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2007 to be “Warmest on Record” – UK’s Met Office Forcasts January 3, 2007

Posted by Dan in Main, News, Science, Snipets, Technology.

Global Warming is certainly a hot button topic, with heated debate on both sides of the issue. In an effort to more accurately classify the phenomenon, many have taken to calling it “Global Climate Change.” This is actually a better representation of what is going on. But what many people fail to realize is that the Earth’s climate has always been changing. In fact, it is in a constant state of change… thus the difficulty in predicting weather. When proponents of the theory preach imminent danger, they simply mean that the climate is about to change in a way that will make life for humans extremely difficult. This is not the first time such a change has occurred, and indeed the climate has shifted drastically within the lifetime of homo sapiens. Approximately 10,000 years ago, early man faced a major Ice Age. We came through it ok; the species survived. However, even with today’s much more advanced technology, our enormous population means that, were such an Ice Age to happen now, hundreds of millions would die. LIfe would become much more difficult. Certain foods would soar in price, others would plummet. The global economy would be thrown through a loop and a world-wide economic depression would not be far fetched. So the report below seems all the more alarming in context.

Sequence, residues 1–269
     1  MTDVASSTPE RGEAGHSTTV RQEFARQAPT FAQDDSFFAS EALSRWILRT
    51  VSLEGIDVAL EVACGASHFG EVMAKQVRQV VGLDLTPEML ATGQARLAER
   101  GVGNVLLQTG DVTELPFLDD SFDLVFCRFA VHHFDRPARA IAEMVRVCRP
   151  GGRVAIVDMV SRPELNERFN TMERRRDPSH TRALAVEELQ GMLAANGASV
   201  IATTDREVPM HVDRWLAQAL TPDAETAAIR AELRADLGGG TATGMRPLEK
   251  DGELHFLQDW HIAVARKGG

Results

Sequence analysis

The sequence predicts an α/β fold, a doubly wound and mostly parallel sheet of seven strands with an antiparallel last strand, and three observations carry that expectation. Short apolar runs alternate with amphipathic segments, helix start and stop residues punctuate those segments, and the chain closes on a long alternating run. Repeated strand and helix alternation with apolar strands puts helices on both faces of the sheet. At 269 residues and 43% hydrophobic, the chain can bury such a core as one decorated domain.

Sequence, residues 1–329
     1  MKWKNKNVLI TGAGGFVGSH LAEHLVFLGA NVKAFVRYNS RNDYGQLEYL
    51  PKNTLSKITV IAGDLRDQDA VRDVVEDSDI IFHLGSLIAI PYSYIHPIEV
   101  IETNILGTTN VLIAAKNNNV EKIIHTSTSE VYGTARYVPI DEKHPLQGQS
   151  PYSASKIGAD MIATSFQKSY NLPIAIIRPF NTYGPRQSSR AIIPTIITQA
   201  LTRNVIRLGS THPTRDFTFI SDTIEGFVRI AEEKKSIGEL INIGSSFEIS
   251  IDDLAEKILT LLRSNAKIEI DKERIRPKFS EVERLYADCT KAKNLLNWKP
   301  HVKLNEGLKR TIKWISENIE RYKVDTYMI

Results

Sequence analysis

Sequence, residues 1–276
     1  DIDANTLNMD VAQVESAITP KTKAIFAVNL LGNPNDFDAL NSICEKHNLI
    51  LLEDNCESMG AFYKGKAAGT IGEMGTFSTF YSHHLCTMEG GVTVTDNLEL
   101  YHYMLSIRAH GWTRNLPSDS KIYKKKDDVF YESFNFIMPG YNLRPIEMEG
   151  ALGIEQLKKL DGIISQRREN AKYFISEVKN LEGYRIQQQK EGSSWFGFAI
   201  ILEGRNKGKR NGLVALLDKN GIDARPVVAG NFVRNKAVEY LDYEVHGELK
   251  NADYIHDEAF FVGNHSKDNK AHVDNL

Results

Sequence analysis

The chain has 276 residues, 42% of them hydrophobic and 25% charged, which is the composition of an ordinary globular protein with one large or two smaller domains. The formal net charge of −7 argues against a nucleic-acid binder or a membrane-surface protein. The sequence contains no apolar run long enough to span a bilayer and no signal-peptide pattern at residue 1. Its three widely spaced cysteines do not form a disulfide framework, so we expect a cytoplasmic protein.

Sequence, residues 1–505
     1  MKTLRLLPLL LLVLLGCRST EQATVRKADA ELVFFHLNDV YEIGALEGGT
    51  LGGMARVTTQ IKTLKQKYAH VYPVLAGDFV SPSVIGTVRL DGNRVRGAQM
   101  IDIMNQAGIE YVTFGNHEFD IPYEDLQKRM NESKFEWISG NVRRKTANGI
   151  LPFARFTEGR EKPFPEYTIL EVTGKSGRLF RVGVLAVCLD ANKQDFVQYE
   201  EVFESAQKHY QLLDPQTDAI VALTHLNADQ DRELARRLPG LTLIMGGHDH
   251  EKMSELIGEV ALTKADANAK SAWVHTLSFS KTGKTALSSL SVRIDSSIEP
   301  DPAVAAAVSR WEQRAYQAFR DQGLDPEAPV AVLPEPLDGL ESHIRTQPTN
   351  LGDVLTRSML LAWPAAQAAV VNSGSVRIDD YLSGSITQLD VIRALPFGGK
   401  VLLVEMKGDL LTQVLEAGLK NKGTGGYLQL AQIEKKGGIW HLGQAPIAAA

According to the BBC:

The world is likely to experience the warmest year on record in 2007, the UK’s Met Office has forecast.

An extended warming period, resulting from an El Nino weather even in the Pacific Ocean, is likely to push up global temperatures, experts predict.

They say there is a 60% chance that the average surface temperature will match or exceed the current record from 1998.

The forecasters also revealed that 2006 saw the highest average temperature in the UK since records began in 1914.

The global surface temperature is projected to be 0.54C (0.97F) above the long-term average of 14C (57C), beating the current record of 0.52C (0.94F), which was set in 1998.

The annual projection was compiled by the UK Met Office’s Hadley Centre, in conjunction with the University of East Anglia.

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